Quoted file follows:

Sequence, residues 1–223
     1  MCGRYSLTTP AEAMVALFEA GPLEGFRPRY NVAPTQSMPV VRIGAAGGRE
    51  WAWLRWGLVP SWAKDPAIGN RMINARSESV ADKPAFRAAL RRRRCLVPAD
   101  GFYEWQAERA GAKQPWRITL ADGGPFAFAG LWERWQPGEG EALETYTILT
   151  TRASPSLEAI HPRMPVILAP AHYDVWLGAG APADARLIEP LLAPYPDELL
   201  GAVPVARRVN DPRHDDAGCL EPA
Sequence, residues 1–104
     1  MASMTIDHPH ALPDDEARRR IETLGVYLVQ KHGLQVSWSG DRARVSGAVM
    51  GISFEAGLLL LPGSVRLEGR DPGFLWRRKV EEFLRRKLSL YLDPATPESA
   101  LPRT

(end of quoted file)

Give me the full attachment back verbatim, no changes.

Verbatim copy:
Sequence, residues 1–223
     1  MCGRYSLTTP AEAMVALFEA GPLEGFRPRY NVAPTQSMPV VRIGAAGGRE
    51  WAWLRWGLVP SWAKDPAIGN RMINARSESV ADKPAFRAAL RRRRCLVPAD
   101  GFYEWQAERA GAKQPWRITL ADGGPFAFAG LWERWQPGEG EALETYTILT
   151  TRASPSLEAI HPRMPVILAP AHYDVWLGAG APADARLIEP LLAPYPDELL
   201  GAVPVARRVN DPRHDDAGCL EPA
Sequence, residues 1–104
     1  MASMTIDHPH ALPDDEARRR IETLGVYLVQ KHGLQVSWSG DRARVSGAVM
    51  GISFEAGLLL LPGSVRLEGR DPGFLWRRKV EEFLRRKLSL YLDPATPESA
   101  LPRT